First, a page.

Optimal Contracting, Incentive Effects and the Valuation of Executive Stock Options
58 Pages Posted: 19 May 2001
Date Written: April 30, 2001
In this paper, I examine the optimal contracting problem between a firm and its chief executive officer in a principal-agent framework with information asymmetry. The firm (principal) selects the size and composition of the agent's (executive's) compensation in order to maximize firm value. Given a compensation contract, the risk-averse and effort-averse agent in turn maximizes his own expected utility by optimizing his effort at the firm and the allocation of his outside investments. Using parameters consistent with average CEO pay of S&P 500 companies, I find that market performance (stock price) based incentive pay represents an important part (14 to 100%) of the optimal compensation contract between the firm and its executive. However, the optimal contract includes stock option grants only if the executive is at most modestly risk averse (with coefficient of relative risk aversion < 2). When the executive is more risk averse, restricted stock is the preferred choice of incentive pay. In addition, incentive pay cannot overcome the agency problem if the executive is highly risk averse and effort averse, and the potential loss in firm value can be as high as 40% if the wrong type of executive is hired. Furthermore, the value of a non-traded stock option depends largely on the executive's degree of risk aversion and effort aversion, his investment opportunities, and the compensation package. This value can deviate significantly from the Black-Scholes/Merton price of the option. These findings are robust with respect to various parameters concerning option exercise price, stock return volatility, outside investment opportunities, the executive's initial wealth, and utility function.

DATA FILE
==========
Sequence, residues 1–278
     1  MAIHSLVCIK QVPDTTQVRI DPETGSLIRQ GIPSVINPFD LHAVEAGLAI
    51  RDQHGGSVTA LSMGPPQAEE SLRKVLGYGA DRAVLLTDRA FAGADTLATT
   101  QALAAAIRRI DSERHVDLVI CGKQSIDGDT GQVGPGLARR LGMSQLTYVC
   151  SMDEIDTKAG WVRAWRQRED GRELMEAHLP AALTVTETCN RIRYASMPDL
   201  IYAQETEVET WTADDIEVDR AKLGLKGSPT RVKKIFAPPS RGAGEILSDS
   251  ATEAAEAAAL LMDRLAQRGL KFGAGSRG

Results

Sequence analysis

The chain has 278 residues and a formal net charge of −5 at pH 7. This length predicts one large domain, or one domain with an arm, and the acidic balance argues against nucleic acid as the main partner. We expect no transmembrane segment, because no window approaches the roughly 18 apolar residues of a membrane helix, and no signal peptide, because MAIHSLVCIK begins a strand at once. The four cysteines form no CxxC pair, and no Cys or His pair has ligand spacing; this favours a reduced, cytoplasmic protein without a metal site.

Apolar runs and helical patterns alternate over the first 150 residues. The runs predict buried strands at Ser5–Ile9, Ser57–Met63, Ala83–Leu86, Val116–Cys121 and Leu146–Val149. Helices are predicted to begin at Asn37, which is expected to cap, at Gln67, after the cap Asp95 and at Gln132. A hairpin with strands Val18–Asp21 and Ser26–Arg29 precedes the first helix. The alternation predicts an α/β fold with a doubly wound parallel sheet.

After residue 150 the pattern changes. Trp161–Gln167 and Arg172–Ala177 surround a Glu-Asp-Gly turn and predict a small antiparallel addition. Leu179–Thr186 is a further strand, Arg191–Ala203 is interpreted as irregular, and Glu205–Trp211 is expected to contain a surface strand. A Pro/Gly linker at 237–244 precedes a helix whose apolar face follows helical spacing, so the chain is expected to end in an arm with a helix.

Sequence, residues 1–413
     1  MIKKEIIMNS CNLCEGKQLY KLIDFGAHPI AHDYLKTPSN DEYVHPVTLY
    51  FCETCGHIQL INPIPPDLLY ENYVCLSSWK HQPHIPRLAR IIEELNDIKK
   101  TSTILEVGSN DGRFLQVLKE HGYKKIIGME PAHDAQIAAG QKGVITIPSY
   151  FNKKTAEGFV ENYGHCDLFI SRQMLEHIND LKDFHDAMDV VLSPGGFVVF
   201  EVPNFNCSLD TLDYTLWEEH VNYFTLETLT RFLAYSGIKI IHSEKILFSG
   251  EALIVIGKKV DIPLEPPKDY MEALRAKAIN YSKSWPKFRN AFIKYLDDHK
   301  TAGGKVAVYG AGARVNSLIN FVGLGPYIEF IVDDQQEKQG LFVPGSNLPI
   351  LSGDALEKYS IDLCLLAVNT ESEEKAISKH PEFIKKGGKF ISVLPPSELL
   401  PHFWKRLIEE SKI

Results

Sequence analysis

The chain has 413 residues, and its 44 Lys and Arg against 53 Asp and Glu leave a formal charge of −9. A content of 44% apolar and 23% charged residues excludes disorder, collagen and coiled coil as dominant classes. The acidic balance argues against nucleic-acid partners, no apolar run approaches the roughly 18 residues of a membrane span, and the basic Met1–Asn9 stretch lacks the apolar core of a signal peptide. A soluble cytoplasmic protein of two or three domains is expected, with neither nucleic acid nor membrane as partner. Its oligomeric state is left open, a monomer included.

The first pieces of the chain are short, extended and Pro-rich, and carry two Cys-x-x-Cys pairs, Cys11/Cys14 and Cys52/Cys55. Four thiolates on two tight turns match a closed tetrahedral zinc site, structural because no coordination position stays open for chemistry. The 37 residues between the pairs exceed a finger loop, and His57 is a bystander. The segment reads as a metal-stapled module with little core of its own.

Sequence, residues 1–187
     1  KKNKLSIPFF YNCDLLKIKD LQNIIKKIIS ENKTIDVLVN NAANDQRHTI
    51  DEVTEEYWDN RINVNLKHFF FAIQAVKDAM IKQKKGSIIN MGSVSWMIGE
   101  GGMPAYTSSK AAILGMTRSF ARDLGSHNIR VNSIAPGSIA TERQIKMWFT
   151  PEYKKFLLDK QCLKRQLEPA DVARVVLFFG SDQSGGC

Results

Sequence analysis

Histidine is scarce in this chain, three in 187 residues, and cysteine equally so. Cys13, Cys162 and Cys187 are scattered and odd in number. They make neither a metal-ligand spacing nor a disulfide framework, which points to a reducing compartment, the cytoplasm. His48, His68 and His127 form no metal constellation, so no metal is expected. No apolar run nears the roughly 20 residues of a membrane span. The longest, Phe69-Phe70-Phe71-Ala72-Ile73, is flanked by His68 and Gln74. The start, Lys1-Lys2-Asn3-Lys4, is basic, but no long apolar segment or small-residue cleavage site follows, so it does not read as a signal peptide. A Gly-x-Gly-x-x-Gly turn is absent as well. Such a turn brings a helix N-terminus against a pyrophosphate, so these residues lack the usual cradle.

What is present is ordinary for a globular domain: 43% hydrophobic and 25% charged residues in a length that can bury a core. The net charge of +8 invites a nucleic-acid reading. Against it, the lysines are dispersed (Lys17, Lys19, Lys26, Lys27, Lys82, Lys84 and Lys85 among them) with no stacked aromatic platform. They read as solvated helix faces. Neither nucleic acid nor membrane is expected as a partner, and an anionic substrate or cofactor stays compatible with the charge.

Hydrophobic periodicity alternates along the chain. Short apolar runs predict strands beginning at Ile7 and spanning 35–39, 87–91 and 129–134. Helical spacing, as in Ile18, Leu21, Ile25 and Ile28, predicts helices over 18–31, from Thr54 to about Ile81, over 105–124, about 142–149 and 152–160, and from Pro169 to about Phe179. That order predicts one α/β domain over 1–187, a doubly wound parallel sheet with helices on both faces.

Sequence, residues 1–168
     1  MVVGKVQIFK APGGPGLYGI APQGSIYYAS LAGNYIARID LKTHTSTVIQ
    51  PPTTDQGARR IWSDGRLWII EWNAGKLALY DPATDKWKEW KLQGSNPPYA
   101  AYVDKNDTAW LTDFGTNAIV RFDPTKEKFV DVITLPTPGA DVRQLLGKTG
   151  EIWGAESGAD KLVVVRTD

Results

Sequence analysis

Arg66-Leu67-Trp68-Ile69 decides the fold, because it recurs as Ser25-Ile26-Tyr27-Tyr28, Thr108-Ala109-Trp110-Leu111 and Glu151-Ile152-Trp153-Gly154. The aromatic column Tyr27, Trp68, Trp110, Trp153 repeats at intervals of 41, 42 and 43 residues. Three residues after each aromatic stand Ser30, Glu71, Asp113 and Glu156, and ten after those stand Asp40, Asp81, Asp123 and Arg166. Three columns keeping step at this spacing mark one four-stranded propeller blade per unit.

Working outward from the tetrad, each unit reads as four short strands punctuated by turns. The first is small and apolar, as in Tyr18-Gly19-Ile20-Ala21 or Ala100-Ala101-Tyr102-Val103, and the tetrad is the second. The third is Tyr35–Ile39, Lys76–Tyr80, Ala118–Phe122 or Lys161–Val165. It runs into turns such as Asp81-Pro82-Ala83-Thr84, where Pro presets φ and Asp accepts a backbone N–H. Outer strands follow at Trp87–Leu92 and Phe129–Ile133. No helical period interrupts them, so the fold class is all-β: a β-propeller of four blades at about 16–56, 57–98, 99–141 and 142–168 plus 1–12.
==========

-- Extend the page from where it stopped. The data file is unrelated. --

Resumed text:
Keywords: Optimal contracting, principal-agent theory, executive compensation, incentive effects, executive stock options, certainty equivalent value
JEL Classification: J33, G13
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